Lighting designer Rob Sinclair is using a Jands Vista system running the new Vista v2 software for the current Pulp reunion tour, which sees the darlings of Britpop return in their original “Different Class” line up from 1995.
So far, the European leg of the tour has seen the band play a string of high profile festival slots including the Isle of Wight Festival and headlining Sunday at the Wireless Festival in Hyde Park, London – with other UK summer dates including T in The Park and the Reading/Leeds Festival, as well as a number of other European dates.
Sinclair is a long term fan of the Vista platform. He purchased his first Vista S1 control surface in 2008 shortly after the model’s launch, and now owns three identical systems – comprising a laptop running the Vista software, with a Vista S1 and two Vista M1 wings – to service his own shows. Currently the other two are busy touring the US with chart topping Adele (operated by Jon Barker) and the legendary Peter Gabriel (operated by Steve Kellaway).
Pulp are touring their own video system and a small lighting rig, then each day hooking in to the locally provided rigs – all of which is controlled by the Vista. For the festivals, a small floor-based ‘specials package’ is added and run through the desk.
Sinclair thinks that Vista v2 has made great improvements in the way the control system interacts and deals with media servers, which is becoming more important as video is an integral element to his visual designs. One of the many things he likes about the Vista operating system generally is the fact that it makes achieving straightforward things very easy, without taking away the ability to also engage in complex programming: the interface makes it intuitive to see what you are doing during programming, so editing is very quick.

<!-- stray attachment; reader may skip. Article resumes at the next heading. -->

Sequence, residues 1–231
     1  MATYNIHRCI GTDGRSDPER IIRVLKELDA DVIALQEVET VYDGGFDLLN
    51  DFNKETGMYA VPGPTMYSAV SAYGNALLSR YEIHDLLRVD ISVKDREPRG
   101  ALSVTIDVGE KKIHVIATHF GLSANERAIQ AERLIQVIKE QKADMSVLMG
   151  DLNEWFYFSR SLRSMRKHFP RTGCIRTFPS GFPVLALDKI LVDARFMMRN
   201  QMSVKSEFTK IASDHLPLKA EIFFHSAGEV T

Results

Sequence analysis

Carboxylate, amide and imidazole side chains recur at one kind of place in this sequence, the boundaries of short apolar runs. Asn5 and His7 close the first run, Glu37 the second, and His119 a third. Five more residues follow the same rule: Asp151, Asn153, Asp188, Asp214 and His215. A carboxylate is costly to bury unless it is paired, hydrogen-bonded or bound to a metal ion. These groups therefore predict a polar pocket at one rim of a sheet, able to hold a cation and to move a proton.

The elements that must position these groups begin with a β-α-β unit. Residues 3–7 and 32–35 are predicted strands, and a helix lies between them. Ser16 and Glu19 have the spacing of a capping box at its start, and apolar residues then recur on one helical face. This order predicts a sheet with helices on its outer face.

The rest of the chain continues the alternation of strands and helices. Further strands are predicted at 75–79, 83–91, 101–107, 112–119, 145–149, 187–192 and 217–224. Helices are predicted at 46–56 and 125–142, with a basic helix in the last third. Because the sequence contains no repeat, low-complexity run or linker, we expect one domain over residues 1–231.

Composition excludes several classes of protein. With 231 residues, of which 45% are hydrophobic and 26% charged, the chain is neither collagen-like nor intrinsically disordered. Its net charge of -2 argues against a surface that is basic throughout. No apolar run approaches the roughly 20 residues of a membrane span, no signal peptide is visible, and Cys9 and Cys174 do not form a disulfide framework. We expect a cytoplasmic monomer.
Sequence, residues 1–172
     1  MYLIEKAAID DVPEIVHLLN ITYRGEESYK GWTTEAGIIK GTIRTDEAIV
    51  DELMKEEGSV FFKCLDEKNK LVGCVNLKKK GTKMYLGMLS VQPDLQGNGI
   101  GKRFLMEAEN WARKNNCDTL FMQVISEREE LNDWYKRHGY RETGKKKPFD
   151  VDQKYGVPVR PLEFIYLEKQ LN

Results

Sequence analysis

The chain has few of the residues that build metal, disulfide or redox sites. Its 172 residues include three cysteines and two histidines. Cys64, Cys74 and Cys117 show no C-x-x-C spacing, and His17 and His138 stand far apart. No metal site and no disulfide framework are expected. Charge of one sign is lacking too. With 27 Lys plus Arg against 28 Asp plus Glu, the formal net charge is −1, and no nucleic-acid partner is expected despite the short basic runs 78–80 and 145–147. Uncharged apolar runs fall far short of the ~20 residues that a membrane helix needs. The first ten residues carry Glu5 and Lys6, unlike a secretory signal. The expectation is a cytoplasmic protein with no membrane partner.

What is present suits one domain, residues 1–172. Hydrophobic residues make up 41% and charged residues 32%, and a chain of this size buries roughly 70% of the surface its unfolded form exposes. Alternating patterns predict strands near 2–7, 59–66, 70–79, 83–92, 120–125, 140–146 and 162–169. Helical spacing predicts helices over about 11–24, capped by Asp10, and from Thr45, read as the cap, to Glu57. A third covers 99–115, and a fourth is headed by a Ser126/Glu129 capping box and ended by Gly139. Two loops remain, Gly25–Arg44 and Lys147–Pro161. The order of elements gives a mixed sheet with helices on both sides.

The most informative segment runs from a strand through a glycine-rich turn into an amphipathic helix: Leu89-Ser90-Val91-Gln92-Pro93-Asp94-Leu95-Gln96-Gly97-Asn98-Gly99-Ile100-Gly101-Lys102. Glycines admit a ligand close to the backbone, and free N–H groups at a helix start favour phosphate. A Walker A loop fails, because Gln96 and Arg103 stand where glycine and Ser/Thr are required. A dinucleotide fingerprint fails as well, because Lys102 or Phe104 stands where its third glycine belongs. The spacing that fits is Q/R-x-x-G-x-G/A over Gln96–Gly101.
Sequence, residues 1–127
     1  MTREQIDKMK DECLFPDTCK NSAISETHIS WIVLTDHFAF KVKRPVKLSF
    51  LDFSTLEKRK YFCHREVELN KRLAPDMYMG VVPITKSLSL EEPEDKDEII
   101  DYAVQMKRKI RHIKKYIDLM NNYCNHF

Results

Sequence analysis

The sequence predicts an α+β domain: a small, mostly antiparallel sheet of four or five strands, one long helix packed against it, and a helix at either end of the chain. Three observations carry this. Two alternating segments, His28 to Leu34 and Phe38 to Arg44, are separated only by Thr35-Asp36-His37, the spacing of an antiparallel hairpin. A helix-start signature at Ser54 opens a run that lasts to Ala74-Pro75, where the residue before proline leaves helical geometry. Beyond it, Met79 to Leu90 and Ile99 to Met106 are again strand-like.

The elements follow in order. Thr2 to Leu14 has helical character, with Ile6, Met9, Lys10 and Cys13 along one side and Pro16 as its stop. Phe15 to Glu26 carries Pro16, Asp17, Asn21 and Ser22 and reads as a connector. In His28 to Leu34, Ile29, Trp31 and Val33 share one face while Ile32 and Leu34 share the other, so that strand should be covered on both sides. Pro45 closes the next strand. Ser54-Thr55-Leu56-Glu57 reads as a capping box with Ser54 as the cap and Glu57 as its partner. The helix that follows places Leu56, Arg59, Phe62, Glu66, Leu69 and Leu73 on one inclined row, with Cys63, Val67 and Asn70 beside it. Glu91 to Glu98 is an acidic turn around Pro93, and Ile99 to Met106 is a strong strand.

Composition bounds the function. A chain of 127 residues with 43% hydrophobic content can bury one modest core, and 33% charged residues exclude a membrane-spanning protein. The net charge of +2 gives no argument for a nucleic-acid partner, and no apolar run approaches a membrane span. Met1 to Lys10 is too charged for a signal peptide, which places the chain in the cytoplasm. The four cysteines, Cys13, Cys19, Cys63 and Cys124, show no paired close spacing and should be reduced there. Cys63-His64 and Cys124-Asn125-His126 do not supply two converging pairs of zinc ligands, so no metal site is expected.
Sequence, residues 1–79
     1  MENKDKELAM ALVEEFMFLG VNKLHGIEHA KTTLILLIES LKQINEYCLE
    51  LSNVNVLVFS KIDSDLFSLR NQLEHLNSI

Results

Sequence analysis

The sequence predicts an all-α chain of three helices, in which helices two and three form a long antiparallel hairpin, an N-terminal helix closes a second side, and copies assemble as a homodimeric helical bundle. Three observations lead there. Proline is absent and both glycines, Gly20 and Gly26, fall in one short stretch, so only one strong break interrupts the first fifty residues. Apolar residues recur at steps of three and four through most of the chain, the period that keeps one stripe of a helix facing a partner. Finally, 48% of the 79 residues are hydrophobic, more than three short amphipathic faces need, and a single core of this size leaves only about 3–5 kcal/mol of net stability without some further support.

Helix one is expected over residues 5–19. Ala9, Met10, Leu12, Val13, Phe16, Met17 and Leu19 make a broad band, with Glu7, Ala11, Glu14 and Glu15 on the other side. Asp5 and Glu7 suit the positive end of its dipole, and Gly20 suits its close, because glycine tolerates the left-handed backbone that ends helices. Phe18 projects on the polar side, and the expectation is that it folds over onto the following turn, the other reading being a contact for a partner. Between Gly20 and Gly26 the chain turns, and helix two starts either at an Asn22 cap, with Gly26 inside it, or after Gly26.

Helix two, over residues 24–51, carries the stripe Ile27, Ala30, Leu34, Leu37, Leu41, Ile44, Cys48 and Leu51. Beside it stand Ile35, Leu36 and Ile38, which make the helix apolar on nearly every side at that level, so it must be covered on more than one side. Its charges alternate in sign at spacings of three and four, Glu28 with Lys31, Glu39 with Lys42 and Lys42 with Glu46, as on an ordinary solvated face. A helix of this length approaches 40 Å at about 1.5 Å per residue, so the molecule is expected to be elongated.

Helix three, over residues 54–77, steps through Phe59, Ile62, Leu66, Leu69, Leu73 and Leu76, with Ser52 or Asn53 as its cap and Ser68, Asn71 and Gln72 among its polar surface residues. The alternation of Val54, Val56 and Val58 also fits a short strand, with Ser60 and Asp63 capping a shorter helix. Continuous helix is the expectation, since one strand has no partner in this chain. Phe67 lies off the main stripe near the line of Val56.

Pulp’s video set up consists of 15 two metre square Pixled F40 LED panels supplied by XL Video. These are arranged in five columns/three rows, set at different depths to avoid the clichéd ‘back wall’ scenario and introduce a bit of dimension to the stage space. The band and Rob were keen that the audience didn’t feel like they were looking at a TV.
Special video content – an eclectic mix of archives, vintage footage and completely new material created by three video artists – for the show is stored on a Catalyst media server which also takes in a couple of IMAG camera inputs.
The local lighting system and the Catalyst are triggered by the Vista, which also runs the touring lighting system – supplied by Neg Earth – plus a classic Pulp ‘neon’ LED sign made by Specialz and the set, a 1970s style Dimplex electric fire with false flames.
Sinclair’s objective was to make it as easy as possible to deal with the diversity of shows, venues and lighting rigs that he would have to contend with and to replicate their show as closely as possible each time with whatever was thrown at him. He likes the adaptability offered by the Vista’s generic fixture model, which allows fast, accurate changing of fixture types without affecting the contents of the show. As more types of technology get used, the ability to deal with them becomes more important.
Using a console as small, portable and freight-able as the Vista S1 ensures that Sinclair can use his own desk on every show, wherever he is in the world.